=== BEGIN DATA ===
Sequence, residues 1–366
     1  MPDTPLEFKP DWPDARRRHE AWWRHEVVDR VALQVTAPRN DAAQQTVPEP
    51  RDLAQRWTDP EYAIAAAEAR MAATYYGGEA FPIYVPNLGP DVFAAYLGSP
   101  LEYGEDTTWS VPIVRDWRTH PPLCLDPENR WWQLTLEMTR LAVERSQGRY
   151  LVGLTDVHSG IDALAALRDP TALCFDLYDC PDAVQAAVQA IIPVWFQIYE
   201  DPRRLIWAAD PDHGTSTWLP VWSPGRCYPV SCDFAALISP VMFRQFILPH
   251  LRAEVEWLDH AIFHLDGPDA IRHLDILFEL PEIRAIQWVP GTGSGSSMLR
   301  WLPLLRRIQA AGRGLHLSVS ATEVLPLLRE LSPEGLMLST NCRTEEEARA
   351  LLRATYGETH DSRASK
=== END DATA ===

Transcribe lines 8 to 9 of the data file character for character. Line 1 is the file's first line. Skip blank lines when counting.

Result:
   301  WLPLLRRIQA AGRGLHLSVS ATEVLPLLRE LSPEGLMLST NCRTEEEARA
   351  LLRATYGETH DSRASK